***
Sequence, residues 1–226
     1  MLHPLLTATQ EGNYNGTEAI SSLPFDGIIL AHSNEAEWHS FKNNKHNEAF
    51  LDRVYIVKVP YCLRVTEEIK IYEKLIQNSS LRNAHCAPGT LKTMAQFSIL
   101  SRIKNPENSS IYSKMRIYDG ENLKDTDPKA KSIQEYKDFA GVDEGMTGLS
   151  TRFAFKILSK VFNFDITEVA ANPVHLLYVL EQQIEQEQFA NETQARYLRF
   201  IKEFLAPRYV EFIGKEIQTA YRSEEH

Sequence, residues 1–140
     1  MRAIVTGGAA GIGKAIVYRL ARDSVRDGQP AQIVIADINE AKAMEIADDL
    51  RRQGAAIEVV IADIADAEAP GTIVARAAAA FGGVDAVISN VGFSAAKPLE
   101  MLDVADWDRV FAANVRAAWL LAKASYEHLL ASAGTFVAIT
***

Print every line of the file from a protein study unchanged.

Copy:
Sequence, residues 1–226
     1  MLHPLLTATQ EGNYNGTEAI SSLPFDGIIL AHSNEAEWHS FKNNKHNEAF
    51  LDRVYIVKVP YCLRVTEEIK IYEKLIQNSS LRNAHCAPGT LKTMAQFSIL
   101  SRIKNPENSS IYSKMRIYDG ENLKDTDPKA KSIQEYKDFA GVDEGMTGLS
   151  TRFAFKILSK VFNFDITEVA ANPVHLLYVL EQQIEQEQFA NETQARYLRF
   201  IKEFLAPRYV EFIGKEIQTA YRSEEH

Sequence, residues 1–140
     1  MRAIVTGGAA GIGKAIVYRL ARDSVRDGQP AQIVIADINE AKAMEIADDL
    51  RRQGAAIEVV IADIADAEAP GTIVARAAAA FGGVDAVISN VGFSAAKPLE
   101  MLDVADWDRV FAANVRAAWL LAKASYEHLL ASAGTFVAIT